For a testament to the artistry at work in House Of Cards, we can look at Kevin Spacey’s constant monologue directed at the audience: he breaks away from the action to explain what’s running through his head – not to evolve the plot, but to tell us why he’s making a decision. Frank Underwood will never cause us to scream, as we sometimes do at virgins about to be slaughtered in horror movies, “WHAT ARE YOU THINKING?? DON’T GO IN THERE!” because he usually just tells us point blank why he’s going in there. If this narrative device were attempted by an under-funded production it would feel like a cheap gimmick, but David Fincher’s Capitol Hill and the staffers therein are executed with the clinical precision they were hired for, so the gimmick works. It works so well, in fact, that when the Congressman stops talking to the camera in the profound darkness of chapter eleven, we understand he’s plotting something so evil that even his ruthless conscience doesn’t want to acknowledge. When that fourth-wall confessional goes silent, we don’t have to hear what’s going on in his mind: we can feel it, which is an emotional brand of Hemingway-esque objective epitome that I’d never experienced before. Although Buscemi’s Nucky Thompson destroys less discriminately than Frank Underwood, I understand that Underwood is the far more immoral person: his depraved silence speaks volumes.
Everyone uses an iPhone, except when they don’t, and when they don’t, it’s for a reason
A primary reason the House of Cards universe is so convincing is its surreal representation of the way real people communicate in 2013. Much as they do in Girls (and the rest of real big-city America), everyone uses an iPhone, except when they don’t, and when they don’t, it’s for a reason. Frank prefers a BlackBerry just like a real congressman and tells his media cohort Zoe Barnes to “use a burner” for their illicit exchanges. Mercifully gone are the days of fairytale OS’s and phone numbers that start with 555: even the notification sounds are sculpted to ooze reality. The ringtones are really fucking good in this show, and Fincher knows he’s directing for a streaming audience that will appreciate them. Actually, David, while I’ve got you here – we need to see more Android next season, or your reality might begin to crack a little bit.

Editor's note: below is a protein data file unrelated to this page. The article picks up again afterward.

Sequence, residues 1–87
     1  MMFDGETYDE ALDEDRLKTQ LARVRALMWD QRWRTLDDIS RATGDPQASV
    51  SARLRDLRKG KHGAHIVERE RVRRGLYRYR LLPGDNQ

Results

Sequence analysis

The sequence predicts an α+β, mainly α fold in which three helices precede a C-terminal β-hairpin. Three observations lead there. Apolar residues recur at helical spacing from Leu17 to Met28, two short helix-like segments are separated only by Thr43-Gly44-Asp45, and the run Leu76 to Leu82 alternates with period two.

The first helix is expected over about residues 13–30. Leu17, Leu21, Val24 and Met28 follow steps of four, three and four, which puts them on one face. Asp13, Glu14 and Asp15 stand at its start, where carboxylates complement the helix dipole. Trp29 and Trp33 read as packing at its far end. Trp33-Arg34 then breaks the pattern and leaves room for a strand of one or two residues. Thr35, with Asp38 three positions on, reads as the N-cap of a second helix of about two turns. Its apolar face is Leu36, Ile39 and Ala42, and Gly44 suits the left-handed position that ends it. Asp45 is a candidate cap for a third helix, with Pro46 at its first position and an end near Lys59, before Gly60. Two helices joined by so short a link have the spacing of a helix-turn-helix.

Fincher's prospect was enough to send the growing class of people with addictive “if you got ‘em, smoke ‘em” personalities into a frenzy
There’s also the whole “who will be the next HBO” thing going on, and from this couch it certainly feels like Netflix has taken the title. It feels bizarrely wholesome to watch HD television I don’t have to worry about getting a cease-and-desist letter from Time Warner Cable about, and the eight dollars a month I pay for Netflix is so embedded in my monthly budget that it feels like I’m not really even paying to watch House Of Cards, which I guess makes me the holy grail of subscription models. It still feels kind of cool / weird to see “A NETFLIX ORIGINAL SERIES” before each finely-wrought chapter begins, and the fact that they’re called “chapters,” not episodes, kind of makes me feel smart like I’m reading a book and not watching television.
It feels bizarrely wholesome to watch HD TV I don’t have to worry about getting a cease-and-desist letter about
Maybe I am being naive but it does feel like there’s a reason my addiction is playing out right now: there’s a lot of good TV in the air, TV that does feel like reading a book and seems like edutainment on a higher moral plane. As production and delivery methods become more and more nuanced I hope the national water cooler conversation will be elevated from mere gossip to something a little more like book club chat. All of these shows deep-dive into worlds full of terrible people where a clear enemy almost never arises: maybe this new level of emotional detail will become the standard. Maybe our TV will help us describe our interpersonal politics on a higher level. If this is the case, I can see these shows as the curriculum of a “Great Books” higher education for a future population too ADHD to read a book.
If that’s not the case, then it could just be another vehicle for me to use flowery language and hazy logic to explain away my TV addiction as something more useful than it really is: a gigantic waste of time. Speaking of, I have a Temple Run 2 game I need to get back to so bye.
Illustrations by Stephanie Max